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Transition to Secondary structures

Transition to Secondary - large plate

Transition to Secondary structures (Uebergangs-und secundaere gebilde) – equivalent to the modern geological time terminology of Late Palaeozoic to Mesozoic eras.

These eras saw dramatic changes in the Earth’s natural history, notably the development of more sophisticated life forms such as fish, amphibians and reptiles, and the appearance flowering plants and conifers. 

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Fossil footprints

Fossil footprints

Top: Ornithichnites Giganteus, a bird-like creature, first described and named by Edward Hitchcock in 1836. The footprints were found in the New Red Sandstone, Connecticut.

Bottom and right: Chirotherium footprints, from sandstone, Hildburghausen, first found in 1834. The five-toed nature of the prints, especially as one of the toes looked like a thumb, caused confusion in regards to what the animal actually was as no other remains apart from footprints have been found.  It is now considered to be an early ancestor of the crocodile. 

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Plesiosaurus dolichodeiros (Left): Discovered by Thomas Hawkins in the Lias of Street, near Glastonbury. According to William Buckland, the first specimens of this particular species of animal were found in 1823.

Ichthyosaurus (Top right): Remains of Ichthyosaurs had been found since the 17th century, however the first complete specimen was discovered by Joseph Anning and his more famous sister Mary Anning between 1811 and 1812. 

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  Coprolite, or fossil faeces

Found in the Lias at Lyme Regis, William Buckland famously described and named these ‘petrified’ forms in his paper for the Geological Society in 1829, “On the Discovery of Coprolites, or Fossil Fæces, in the Lias at Lyme Regis, and in other Formations”, ‘Transactions of the Geological Society of London’, Series 2, Volume 3 (1829).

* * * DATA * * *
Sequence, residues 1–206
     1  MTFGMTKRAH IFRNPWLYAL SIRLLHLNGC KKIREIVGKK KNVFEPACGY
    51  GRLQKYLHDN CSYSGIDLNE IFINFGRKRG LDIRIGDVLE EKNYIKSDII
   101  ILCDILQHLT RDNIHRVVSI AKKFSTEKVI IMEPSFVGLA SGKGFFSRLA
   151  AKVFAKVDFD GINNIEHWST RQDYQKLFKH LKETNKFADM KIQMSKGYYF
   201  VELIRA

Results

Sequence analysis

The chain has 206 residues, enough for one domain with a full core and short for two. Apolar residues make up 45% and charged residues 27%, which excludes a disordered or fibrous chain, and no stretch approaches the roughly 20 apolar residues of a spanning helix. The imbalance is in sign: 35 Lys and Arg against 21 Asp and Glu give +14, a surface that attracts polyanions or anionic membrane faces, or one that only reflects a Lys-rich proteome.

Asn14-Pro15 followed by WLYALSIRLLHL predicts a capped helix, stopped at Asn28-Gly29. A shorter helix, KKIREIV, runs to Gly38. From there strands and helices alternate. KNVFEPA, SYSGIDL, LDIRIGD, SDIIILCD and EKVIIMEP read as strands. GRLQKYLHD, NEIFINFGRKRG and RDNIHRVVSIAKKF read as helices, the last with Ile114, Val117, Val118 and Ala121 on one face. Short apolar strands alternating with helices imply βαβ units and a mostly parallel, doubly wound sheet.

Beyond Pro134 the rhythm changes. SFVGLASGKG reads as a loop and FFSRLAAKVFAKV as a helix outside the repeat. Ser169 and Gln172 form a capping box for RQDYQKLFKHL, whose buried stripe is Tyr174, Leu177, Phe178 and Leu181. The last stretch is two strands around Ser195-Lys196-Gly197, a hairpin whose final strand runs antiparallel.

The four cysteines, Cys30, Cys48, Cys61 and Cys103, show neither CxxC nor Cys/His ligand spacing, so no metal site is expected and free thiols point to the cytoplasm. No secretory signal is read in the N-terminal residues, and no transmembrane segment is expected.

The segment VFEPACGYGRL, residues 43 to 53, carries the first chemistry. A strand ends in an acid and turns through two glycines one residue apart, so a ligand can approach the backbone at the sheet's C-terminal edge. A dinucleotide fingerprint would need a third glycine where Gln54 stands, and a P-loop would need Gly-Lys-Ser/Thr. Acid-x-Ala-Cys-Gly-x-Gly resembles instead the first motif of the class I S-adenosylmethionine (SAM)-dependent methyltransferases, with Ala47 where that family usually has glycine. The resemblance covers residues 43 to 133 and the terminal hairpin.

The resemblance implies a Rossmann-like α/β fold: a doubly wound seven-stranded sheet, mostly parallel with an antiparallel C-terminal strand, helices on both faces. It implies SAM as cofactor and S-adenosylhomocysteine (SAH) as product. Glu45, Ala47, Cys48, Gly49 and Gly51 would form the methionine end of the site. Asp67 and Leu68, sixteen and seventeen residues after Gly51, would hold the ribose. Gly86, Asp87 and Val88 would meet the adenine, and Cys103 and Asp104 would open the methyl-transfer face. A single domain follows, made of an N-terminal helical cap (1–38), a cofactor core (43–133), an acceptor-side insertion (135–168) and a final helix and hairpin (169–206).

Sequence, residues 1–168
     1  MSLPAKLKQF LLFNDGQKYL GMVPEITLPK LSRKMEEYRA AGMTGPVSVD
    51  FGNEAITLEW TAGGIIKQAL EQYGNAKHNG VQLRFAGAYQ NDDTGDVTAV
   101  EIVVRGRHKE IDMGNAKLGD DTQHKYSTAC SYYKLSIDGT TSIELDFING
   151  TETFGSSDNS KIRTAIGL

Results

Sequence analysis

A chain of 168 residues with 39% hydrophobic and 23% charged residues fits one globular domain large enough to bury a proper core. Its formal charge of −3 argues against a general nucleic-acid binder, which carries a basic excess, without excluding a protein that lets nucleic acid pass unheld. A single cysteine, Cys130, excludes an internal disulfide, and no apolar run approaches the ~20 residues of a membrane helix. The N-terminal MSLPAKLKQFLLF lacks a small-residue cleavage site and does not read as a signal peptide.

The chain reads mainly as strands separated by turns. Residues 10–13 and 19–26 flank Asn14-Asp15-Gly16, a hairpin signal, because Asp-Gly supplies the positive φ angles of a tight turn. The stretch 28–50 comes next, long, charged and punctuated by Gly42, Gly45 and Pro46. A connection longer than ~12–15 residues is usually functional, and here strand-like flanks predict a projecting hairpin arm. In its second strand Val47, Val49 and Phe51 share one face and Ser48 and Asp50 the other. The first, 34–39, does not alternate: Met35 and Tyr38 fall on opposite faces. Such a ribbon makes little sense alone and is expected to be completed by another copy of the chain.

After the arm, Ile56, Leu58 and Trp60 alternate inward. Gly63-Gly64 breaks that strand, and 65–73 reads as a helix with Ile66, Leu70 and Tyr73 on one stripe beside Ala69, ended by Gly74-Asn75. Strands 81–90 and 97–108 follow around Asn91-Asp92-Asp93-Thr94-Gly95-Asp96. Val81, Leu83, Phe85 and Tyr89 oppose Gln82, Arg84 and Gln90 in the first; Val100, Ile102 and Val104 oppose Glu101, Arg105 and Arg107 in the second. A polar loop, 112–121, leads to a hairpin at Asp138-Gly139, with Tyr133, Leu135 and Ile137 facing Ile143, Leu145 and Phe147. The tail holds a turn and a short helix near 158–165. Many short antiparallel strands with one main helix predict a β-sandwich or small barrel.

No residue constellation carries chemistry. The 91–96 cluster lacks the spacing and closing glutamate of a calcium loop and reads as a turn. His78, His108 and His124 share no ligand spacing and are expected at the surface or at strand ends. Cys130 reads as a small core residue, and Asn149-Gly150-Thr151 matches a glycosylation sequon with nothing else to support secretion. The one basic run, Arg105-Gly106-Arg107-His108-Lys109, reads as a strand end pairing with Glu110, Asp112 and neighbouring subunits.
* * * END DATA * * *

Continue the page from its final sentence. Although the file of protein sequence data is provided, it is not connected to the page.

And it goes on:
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Agassiz fish reconstructions
  Scale details and reconstructions of various genera of fossil fish

Although published in William Buckland's 'Bridgewater Treatise', the illustrations were originally commissioned for inclusion in Louis Agassiz’s ‘Recherches sur les Poissons Fossiles’ (1833-1844).

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Fossil scorpion of the genus Cyclophthalmus

Found in the Coal formation of Bohemia, in a quarry of sandy argillaceous Schist. Even the skin, hairs and pores of the tracheae of the animal were preserved.

In the same stone were many carbonized fragments of vegetable remains, including a large fossil nut (on the left hand side).

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Illustrations of the genus Belemnosepia (a cuttlefish-like cephalopod).

On the left is Belemnites ovalis, from Lyme Regis, which was in the collection of the famous fossil collector Elizabeth Philpot. The two smaller ones to the right are belemnites from the Jura limestone of Solnhofen, figured by George Graf von Münster, Count Münster, and originally published in Ami Boué’s '‘Mémoires géologiques’ (1832).

Elizabeth Philpot's friend Mary Anning suggested that the fossilised contents from the ink bags of belemnites could be ground up to create a drawing ink. Fossil sepia, as it was known, became extremely popular at the time to depict images of fossils. 

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Fossil trees
  Remains of plants from the Coal Formation

Left: branch from Lepidodendron Sternbergii found in the roof of a coal mine at Swina, in Bohemia.

Middle: Stigmaria ficoides from Shale in the roof of the Jarrow colliery near Newcastle.

Right: Base of a large trunk of Sigillaria standing in 1803 in the cliff at Bog Hall, near Newbiggin, on the coast of Northumberland.  The specimen was reported as being around 5ft high and 2ft 3in in diameter.

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Petrified forest
  Section of a cliff east of Lulworth Cove, Dorset 

The image shows the inclined position of the petrified stumps of large conifers, and of the bed of black mould and pebbles in which they grew between the Portland and Purbeck stone.  Originally published in William Buckland’s and Henry Thomas De la Beche’s paper: “On the Geology of the Neighbourhood of Weymouth and the adjacent Parts of the Coast of Dorset”, ‘Transactions of the Geological Society of London’, Series 2, Volume 4 (1835).

Buckland noted that the plants belonged to a species which is now confined to the warmer regions of the earth but were at a former period native to the south coast of England.

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